INSOLVENCY are full of hope for the future. Somehow, despite their last album Illusionary doors Revolving around ideas of escape, fear and yearning for a new utopian world, it seems the past few years have sparked optimism within the band. The time spent looking into the future offered hope, a rare and beautiful discovery on a slowly destroying planet, and INSOLVENCY are here to tell the story that details this adventure in simulating mental health, geographic isolation, and the sparks of innovation that kept them going.
The French quartet released their first album soul antagonism in 2018. It was an atmospheric metalcore offering, stacked with lyrical laments, fervent technical phrases, and enchanting double-vocalist dynamics. It captured a cult fanbase, enamored with its retro sound, but lacked drive and memorability. We talk to Rock Challouet (bass/vocals) and Bruno Blackstar (guitar/backing vocals) to discover the lessons learned from their beginnings, moving forward in a global pandemic, missed opportunities and reinvention.
“The first album was a learning experience for us,” Bruno departures. “So it’s not the same approach we had for the new one. We put too much technique and we wanted to push a lot of things on the first. We had to think about the second one more, try more demos and pay more attention to everything. We tried to be more accessible to people, which is a completely different approach. It’s a more mature approach. Although growing pains are not obvious in their early stages, when put side by side with Illusionary doorsit sounds and feels like a completely different band, with only the most basic DNA translating. Rock continues, “the first album was a teenage project. We didn’t have enough experience, so we put a lot of things [in the album] which do not correspond to the approach we have today.
Their album in question, Illusionary doors, encapsulates a combative relationship with mental health throughout the pandemic, acting as a conduit through which to purge their collective feelings. The singer’s daydreams and reflections Valentin GondouinThe last two years of painting an album that exudes an air of escape. This escape proves to be a major player in the direction of the album. Even the name “Illusional Gate” itself alludes to a fantastic pair of pearlescent gates that provide respite from the repetitive drudgery of everyday life, but end up being fictional, disappearing as soon as they appear. Struggles with mental health and authoritarian isolation are a shared experience of the outfit, making the album process cathartic for everyone involved.
This collective group mentality acted as quasi-therapy at the worst of the pandemic, with Gondouinthe emotions of are expressed through the words of insolvency. Bruno speaks for the entire band, as they have shared a similar headspace when writing and recording for the past two years. “It just pushed us over the edge. Depression was just an addition to the main feeling we already had. Not wanting to bring back unwanted memories of a difficult time for the band, Bruno remembers the time they spent in the studio and reassures us that “we are very happy to have put these feelings on the songs”.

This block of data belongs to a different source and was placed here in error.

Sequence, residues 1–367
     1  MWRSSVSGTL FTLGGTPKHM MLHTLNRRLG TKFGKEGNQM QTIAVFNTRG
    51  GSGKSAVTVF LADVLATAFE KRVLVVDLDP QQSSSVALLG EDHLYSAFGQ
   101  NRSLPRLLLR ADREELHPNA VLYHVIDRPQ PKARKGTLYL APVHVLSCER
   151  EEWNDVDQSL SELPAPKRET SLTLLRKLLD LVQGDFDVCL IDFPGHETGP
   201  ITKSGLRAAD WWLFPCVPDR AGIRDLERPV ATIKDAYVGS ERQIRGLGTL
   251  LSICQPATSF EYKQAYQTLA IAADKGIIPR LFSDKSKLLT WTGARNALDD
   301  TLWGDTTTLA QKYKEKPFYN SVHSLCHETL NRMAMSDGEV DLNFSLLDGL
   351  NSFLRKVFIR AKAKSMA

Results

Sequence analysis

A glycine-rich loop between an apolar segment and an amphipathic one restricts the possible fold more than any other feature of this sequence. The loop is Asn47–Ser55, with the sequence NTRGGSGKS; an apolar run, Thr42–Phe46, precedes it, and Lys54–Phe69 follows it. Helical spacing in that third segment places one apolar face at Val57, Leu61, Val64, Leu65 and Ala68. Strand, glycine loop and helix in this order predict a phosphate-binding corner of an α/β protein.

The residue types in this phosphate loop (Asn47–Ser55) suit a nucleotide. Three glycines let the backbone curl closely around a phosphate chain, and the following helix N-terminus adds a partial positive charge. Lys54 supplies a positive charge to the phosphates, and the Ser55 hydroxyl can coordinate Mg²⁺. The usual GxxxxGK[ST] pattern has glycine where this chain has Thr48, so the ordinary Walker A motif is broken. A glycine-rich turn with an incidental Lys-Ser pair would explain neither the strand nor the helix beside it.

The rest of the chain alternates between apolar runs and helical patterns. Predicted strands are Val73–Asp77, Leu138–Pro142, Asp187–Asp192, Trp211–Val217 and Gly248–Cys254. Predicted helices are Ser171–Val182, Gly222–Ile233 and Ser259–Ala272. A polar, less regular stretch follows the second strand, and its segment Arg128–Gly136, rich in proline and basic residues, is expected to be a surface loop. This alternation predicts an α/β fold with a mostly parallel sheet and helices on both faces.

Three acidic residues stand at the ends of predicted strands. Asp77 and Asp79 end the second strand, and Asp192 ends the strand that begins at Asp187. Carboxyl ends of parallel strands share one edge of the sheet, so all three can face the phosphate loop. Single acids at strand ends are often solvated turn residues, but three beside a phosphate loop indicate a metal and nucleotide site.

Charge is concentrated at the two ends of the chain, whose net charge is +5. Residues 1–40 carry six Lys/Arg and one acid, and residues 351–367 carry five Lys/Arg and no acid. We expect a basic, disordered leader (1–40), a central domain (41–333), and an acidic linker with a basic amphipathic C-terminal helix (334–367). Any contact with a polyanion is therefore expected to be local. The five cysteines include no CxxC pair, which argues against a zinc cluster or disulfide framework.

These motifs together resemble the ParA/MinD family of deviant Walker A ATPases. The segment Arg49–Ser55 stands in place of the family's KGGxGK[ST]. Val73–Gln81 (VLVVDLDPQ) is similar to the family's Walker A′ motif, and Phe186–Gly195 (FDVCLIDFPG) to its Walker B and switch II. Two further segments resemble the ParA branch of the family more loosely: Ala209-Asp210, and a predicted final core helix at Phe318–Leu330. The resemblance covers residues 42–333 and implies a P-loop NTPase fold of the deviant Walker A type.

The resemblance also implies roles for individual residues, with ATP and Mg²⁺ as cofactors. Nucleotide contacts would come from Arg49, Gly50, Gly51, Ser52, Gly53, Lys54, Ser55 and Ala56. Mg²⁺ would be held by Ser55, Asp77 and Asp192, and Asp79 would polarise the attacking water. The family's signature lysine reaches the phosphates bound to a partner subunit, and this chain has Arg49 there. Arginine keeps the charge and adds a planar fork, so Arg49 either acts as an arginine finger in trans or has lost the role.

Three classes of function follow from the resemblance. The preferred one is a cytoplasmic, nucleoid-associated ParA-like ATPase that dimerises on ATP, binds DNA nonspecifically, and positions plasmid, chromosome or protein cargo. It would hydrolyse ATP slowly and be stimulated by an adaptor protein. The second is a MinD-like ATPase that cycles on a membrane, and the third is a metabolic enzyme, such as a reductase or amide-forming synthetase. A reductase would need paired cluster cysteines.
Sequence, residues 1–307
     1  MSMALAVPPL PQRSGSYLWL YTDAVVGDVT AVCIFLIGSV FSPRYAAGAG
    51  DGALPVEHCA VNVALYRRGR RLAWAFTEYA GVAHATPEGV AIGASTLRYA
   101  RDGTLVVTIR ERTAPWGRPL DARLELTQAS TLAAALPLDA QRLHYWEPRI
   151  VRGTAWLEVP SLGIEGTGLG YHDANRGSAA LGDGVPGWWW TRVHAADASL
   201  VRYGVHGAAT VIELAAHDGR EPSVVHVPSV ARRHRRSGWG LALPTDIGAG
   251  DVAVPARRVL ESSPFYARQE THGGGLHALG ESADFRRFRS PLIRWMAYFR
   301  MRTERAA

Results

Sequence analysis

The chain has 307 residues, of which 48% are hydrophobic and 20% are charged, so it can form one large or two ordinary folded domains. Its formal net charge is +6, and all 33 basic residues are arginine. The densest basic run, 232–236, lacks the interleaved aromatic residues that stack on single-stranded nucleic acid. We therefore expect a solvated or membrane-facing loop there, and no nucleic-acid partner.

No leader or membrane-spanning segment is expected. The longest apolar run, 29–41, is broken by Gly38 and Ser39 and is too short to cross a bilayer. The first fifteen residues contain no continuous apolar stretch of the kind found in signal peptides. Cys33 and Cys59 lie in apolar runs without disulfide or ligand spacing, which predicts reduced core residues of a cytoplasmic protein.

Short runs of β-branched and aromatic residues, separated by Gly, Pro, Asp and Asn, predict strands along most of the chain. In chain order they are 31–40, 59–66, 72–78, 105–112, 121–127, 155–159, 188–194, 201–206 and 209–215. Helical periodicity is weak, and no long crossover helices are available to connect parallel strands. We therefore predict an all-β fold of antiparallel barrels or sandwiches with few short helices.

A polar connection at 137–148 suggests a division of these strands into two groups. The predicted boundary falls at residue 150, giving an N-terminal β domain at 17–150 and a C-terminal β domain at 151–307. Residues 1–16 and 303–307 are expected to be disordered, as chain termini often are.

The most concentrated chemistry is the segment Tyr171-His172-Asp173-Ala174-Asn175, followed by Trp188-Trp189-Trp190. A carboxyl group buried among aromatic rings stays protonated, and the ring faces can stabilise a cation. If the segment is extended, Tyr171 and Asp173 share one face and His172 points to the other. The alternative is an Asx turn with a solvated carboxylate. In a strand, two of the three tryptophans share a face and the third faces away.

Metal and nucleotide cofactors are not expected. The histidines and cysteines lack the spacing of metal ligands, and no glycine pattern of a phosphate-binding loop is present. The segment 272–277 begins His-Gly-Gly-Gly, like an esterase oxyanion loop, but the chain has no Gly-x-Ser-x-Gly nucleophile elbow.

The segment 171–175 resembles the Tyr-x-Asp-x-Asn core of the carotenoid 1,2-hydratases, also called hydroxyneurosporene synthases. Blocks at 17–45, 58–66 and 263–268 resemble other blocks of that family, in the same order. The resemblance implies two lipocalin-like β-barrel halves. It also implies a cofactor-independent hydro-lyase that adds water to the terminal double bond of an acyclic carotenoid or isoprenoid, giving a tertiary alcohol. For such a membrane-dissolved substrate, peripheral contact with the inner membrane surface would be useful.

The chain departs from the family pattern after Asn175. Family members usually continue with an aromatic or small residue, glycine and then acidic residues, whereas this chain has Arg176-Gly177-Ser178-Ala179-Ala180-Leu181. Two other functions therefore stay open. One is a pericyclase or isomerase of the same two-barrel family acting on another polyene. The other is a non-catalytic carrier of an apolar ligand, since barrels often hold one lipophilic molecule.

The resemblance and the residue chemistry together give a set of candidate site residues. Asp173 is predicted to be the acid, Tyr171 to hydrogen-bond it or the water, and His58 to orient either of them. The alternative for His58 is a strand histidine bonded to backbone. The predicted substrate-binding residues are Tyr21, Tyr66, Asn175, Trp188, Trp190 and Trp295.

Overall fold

Illusionary doors certainly evokes a wealth of feeling, which transports the listener right into the studio environment. From overt escape to more nuanced hope for the future, album cover themes are broad yet driven by INSOLVENCYpersonal marriage with the subject. Bruno reveals “it’s about dreaming of another world. We all hope for a better world with less financial pressure and more human consideration. More understanding and more good people. We are all corporate slaves and it really is deep inside of us. We just want to escape.
It seems the downtime has allowed the band to take stock of their inventory, reflect on their release and reception of their debut LP, and attack Illusionary doors with a zeal never seen before. “It’s crazy how confinement has pushed us to bring more ideas” Bruno continues, “To be honest with you, we had big dreams with the labels. And the lockdown did not allow that to happen. So we tried to think about what we could do on our own, and it came up with some crazy ideas.
“The Game Changes” Rock adds. The duo seem all too aware of the hectic and crowded musical landscape they are trying to enter, both having a keen understanding of their requirement to stand out as a group, and even as a brand. Illusionary doors could certainly hold the key to unlocking the first door, but to rise to the caliber they desire requires more groundwork. The reader is there, the delivery is just biding its time.
From having their music careers delayed by lockdown, to then embracing the solace of it by innovating their intense metalcore with global collaborations, a fuller understanding of their fan base and a new breath of life, INSOLVENCY have proven that they are capable of making the best of a difficult situation. We can only imagine the giant leaps they will take into a freer world, with the return of touring and more relaxed border rules, and with the black dog no longer looming so close. They’ve weathered the storm, now it’s time to hit the shelves and deliver their newfound vibrancy to live music-starved audiences.
Illusional Gates is now available via self-publishing.
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